The method that separates out the impact of a policy with minimum bias

and maximum precision entails randomly assigning members of the policy

target group to one of two subgroups: the so-called “action group” which is

given access to the new policy and the “control group” which is not. Any



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difference observed in the outcomes for the two groups can confidently be

attributed to the effects of the policy since all other changes will, by definition

because of the randomisation process, randomly influence both groups.

Although often treated as the gold standard in evaluation, randomisation

is not without its limitations (Bottomley and Walker, 1996; Stafford et al., 2002).

One is the difficulty of securing political agreement. Politicians often object to

random assignment for two related reasons. The first is that experimentation

denies some people access to what may be considered a self-evident good. In

reality, of course, the reason for evaluating a policy is uncertainty as to the

benefits or, at least, the cost effectiveness of the policy. The second reason is

that the presumed good is allocated at random rather than with respect to

need or to the likelihood that people will gain from it. Given that it may be

impossible to say in advance who will benefit most, if at all, from the policy

intervention, random allocation is arguably as good a method as any of

assigning scarce resources. Nevertheless, these concerns have proved to be a

major obstacle to the use of randomised assignment in Britain.

There also technical limitations to random assignment. The most

important arise when the policy to be evaluated is either intended to affect the

system as a whole as well as individuals with in it, or when unintended

consequences of the policy are likely operate at this level (Bottomley and

Walker 1996). Take, for example, a policy to give welfare recipients a voucher

that allows employers to offset some of the costs of employing them. In an

experiment involving random assignment, only a proportion of welfare

recipients would receive vouchers and they would enjoy a competitive

advantage over other jobseekers that would disappear on full implementation

when all jobseekers would be given a voucher. The effect of this, so called,

queuing bias is to exaggerate the apparent effectiveness of a policy initiative.

However, the system wide consequences, for example, a reduction in wage

rates, are likely to be understated since not every welfare recipient receives a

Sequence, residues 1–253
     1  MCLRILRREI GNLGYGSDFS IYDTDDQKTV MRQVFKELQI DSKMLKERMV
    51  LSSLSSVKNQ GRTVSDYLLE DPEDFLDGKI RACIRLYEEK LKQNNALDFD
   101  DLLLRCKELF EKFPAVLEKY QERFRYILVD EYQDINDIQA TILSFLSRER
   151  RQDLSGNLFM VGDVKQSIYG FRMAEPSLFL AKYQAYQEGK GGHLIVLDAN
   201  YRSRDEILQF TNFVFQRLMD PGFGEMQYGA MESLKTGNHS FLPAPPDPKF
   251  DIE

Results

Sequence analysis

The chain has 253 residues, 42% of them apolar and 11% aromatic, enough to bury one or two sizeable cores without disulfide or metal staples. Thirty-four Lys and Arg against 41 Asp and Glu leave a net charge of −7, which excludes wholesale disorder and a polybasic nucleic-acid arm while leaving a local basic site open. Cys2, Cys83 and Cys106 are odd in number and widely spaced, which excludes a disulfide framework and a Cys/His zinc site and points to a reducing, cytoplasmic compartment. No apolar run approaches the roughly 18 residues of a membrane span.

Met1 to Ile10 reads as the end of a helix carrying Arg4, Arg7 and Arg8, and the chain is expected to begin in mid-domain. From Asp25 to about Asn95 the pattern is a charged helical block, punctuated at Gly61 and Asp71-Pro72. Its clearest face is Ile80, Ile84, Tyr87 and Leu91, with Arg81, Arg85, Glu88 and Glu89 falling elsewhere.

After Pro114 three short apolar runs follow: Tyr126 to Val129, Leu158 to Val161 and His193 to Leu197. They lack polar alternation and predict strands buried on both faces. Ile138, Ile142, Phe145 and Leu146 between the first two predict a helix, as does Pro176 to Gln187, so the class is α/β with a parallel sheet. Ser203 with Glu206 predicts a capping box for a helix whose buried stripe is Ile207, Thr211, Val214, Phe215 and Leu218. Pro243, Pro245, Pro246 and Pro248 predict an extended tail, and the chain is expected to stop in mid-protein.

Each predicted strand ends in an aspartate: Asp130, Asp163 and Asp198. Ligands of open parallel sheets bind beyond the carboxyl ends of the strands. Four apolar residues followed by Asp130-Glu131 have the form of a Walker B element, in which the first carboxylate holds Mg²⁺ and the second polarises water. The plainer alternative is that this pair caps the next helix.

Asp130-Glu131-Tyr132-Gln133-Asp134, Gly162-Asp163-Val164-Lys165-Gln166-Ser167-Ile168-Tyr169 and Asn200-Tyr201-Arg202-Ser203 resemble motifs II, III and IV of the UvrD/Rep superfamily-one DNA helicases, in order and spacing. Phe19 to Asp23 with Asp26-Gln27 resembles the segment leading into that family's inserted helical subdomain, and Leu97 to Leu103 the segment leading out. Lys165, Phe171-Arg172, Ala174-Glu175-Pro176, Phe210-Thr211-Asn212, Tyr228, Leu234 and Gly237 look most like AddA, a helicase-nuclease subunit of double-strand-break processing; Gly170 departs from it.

voucher; the partial equilibrium effect.

Unfortunately, there is no practical way of determining the scale of

queuing bias or the partial equilibrium effect (Burtless and Orr, 1986). Quasiexperimental designs, in which a policy may be fully implemented in one

jurisdiction and not in another, may allow for estimation of system wide

effects, while also avoiding the need to allocate access to policies on a random

basis. However, because no two areas are identical, the control of factors

exogenous to the policy itself is much weaker.

Further difficulties associated with random assignment include ensuring

that policy staff really do allocate access to clients at random and preventing

members of the control group from surreptitiously obtaining the same services

as the action group.



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Case study 1

Programme evaluation: The Self Sufficiency Project – Michalopoulos

et al., 2002

A decade ago the Canadian Department of Employment and Immigration

determined to investigate the effect that a “make work pay” strategy would

have on the ability of long-term welfare recipients to make the transition into

full-time employment. The Department therefore commissioned a 10-year

demonstration project of a specially designed policy initiative based on a

generous temporary earnings supplement, the Self-Sufficiency Project (SSP).

This involved 9 000 lone-parent families in two provinces, New Brunswick

and British Columbia.

To measure the impact of the SSP, a social experiment was conducted

involving random assignment. A sample was drawn of welfare recipients

who had been in receipt for more than a year, and one half randomly

assigned to a programme group and offered the SSP supplement, while the

remainder constituted the control group. Members of the programme group

could receive the supplement for a maximum of three years.